The family Argulidae, whose members are commonly known as carp lice or fish lice, are parasitic crustaceans in the class Ichthyostraca. It is the only family in the monotypic subclass Branchiura and the order Arguloida, although a second family, Dipteropeltidae, has been proposed. Although they are thought to be primitive forms, they have no fossil record.
|Argulus sp. on a stickleback|
Branchiurans were once thought to be copepods but are now recognised as a separate subclass due to their distinct morphological characteristics. There are approximately 170 species in four genera recognised in the family Branchiura. The centres of diversity are the Afrotropical and Neotropical realms.
Branchiurans have a flattened, oval body, which is almost entirely covered by a broad, oval carapace, four pairs of swimming legs, a pair of anterior compound eyes, and an unsegmented abdomen. They are compressed dorsoventrally and can be between two and vary in size from just a few millimetres to over 30 mm (1.2 in) long, with females usually somewhat larger than the males.
The mandibles are generally toothed hooks in Branchiurans. The maxillules provide sucking capability, and in the genera Argulus, Chonopeltis, and Dipteropeltis, the adults have a pair of suction cups that are from modified first maxillae. The genus Dolops, keeps the larval stages claw-like appendages into adulthood. It is still unknown whether the ancestral state of these organisms was to what suction discs or the hooked condition seen in Dolops, although it is thought that the specialized suctions discs are a later product of evolution. Also, females tend to be larger than the males. Between the genera there are multiple distinction between the sexes. For example, males in Argulus and Chonopeltis possess secondary sexual modifications on legs 2-4. The sexes both have their own sexual reproductive organs on their abdomens. The females have a spermathecae, while the males have a pair of testes.
Their compound eyes are prominent, and the mouthparts and the first pair of antennae are modified to form a hooked, spiny proboscis armed with suckers, as an adaptation to parasitic life. They have four pairs of thoracic appendages, which are used to swim when not attached to the host.
Distribution and habitatEdit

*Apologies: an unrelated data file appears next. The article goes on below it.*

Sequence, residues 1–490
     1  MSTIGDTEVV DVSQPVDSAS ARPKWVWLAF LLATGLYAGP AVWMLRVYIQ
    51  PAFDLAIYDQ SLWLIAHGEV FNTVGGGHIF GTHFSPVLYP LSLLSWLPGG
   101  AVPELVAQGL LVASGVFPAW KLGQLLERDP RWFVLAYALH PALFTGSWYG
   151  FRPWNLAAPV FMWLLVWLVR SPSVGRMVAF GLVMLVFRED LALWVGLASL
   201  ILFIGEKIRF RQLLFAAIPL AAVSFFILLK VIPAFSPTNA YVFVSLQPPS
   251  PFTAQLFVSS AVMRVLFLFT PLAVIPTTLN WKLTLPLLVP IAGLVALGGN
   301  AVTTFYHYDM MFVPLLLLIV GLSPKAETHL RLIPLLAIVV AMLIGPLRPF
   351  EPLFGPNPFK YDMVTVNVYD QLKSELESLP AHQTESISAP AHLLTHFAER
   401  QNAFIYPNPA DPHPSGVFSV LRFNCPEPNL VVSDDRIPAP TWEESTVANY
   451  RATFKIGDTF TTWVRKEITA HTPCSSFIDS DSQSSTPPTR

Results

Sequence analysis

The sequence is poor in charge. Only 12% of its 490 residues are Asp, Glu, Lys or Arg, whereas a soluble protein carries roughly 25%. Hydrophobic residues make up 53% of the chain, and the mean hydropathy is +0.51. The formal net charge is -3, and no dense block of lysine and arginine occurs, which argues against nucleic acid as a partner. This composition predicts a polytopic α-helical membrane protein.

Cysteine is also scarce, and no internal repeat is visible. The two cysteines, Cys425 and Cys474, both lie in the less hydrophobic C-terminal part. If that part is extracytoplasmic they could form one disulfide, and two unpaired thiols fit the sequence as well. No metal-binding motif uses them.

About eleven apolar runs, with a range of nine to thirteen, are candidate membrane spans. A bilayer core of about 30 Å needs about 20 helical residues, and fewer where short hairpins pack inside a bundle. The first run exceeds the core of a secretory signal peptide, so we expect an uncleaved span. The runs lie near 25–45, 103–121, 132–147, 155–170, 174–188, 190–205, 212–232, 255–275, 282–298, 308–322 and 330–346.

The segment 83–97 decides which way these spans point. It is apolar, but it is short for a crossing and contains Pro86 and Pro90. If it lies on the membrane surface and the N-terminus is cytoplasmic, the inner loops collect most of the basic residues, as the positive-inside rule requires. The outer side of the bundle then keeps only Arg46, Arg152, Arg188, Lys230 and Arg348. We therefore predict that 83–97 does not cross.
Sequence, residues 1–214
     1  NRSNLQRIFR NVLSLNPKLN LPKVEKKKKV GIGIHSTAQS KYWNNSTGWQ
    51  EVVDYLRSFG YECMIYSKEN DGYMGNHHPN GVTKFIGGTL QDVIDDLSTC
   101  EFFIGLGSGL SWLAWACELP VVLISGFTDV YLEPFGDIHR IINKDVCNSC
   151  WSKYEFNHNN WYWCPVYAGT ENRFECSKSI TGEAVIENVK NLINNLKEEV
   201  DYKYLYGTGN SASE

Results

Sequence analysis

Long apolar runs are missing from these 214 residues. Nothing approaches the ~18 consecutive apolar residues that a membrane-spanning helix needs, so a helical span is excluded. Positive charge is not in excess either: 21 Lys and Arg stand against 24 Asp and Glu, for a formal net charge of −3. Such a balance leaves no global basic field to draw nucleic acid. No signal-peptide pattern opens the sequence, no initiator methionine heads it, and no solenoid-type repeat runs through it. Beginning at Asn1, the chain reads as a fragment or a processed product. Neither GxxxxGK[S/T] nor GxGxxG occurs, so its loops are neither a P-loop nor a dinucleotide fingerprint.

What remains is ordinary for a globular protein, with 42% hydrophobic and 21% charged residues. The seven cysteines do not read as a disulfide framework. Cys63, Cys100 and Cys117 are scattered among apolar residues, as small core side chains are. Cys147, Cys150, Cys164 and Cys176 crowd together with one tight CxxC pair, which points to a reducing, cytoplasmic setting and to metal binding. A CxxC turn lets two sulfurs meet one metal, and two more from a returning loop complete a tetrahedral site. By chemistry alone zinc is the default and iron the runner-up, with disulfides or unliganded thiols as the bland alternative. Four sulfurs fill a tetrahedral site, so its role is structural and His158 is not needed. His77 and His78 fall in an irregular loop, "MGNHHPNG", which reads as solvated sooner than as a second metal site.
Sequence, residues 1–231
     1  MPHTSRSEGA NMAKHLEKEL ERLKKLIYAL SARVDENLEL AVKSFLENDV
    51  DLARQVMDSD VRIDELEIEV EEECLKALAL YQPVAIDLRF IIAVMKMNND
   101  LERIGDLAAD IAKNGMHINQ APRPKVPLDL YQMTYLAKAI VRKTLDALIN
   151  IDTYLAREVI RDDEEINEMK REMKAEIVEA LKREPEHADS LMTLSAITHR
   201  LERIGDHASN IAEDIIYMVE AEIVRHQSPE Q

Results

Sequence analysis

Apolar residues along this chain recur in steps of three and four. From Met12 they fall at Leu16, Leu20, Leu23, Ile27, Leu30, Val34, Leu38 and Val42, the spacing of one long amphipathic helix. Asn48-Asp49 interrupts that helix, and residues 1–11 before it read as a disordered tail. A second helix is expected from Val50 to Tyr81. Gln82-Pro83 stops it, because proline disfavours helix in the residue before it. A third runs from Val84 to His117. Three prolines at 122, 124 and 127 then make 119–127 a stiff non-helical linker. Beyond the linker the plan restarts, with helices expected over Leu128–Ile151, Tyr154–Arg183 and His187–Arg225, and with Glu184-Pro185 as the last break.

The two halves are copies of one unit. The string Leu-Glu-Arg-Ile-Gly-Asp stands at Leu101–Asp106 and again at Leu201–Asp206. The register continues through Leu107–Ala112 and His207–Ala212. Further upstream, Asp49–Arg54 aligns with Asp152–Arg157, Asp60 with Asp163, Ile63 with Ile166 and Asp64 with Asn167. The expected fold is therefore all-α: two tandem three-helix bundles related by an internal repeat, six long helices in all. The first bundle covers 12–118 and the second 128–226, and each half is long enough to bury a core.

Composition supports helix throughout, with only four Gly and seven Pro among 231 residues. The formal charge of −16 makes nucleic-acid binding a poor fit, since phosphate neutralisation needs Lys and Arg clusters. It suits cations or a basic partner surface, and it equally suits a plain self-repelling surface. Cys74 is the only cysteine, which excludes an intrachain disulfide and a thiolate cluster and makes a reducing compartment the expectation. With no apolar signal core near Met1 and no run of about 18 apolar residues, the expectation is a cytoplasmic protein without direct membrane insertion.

Branchiurans are widely distributed throughout the world. Most species are found in Africa and South America, and none are found in Antarctica. In North America, the genus Argulus is the only one known to be found in freshwater ecosystems.
Behaviour and ecologyEdit
Branchiurans are ectoparasites that are found primarily on fish, but can also be found on other aquatic organisms such as invertebrates and amphibians. Branchiurans are obligate parasites. Some species feed on the blood of their host, while others feed on mucus and extracellular material. Feeding is facilitated by distinct morphological adaptations (see Anatomy). Branchiura are able to attach to hosts through two mechanisms, hooked maxillae (as seen in Dolops) or suction disks. After engorging themselves, the parasites typically wait two to three weeks before feeding again. Mitigation of these parasites has been studied through the use of a treatment containing plant parts. From this study, it is thought that Tobacco leaf dust (containing nicotine) can safely and effectively eliminate adult Branchiurans from fish, although this may be specific to only Argulus bengalensis.
Branchiurans leave their hosts for up to three weeks to mate and lay eggs, and reattach behind the fish's operculum, where they feed on mucus and sloughed-off scales, or pierce the skin and feed on the internal fluids. The eggs hatch into parasitic postnauplius larvae. While on their host, Branchiurans mate. The female holds the eggs in the thorax and in some species the eggs can be found inside the lobes of the carapace. The spermathecae on the female stores the sperm. In the genus Dolops, the males deposit a spermatophore onto the females. Once the eggs are fertilized the females leave the host organism to lay their eggs in rows on surfaces of plants, rocks, etc. Larvae are opportunistic in selecting host species of fish, and females are motile in their pursuit of locality of egg-laying.
Fish lice occasionally reach high enough densities to cause fish kills in aquaculture operations, or more rarely in wild populations of fish. They can also become abundant in aquaria, sometimes resulting in the death of ornamental fish.
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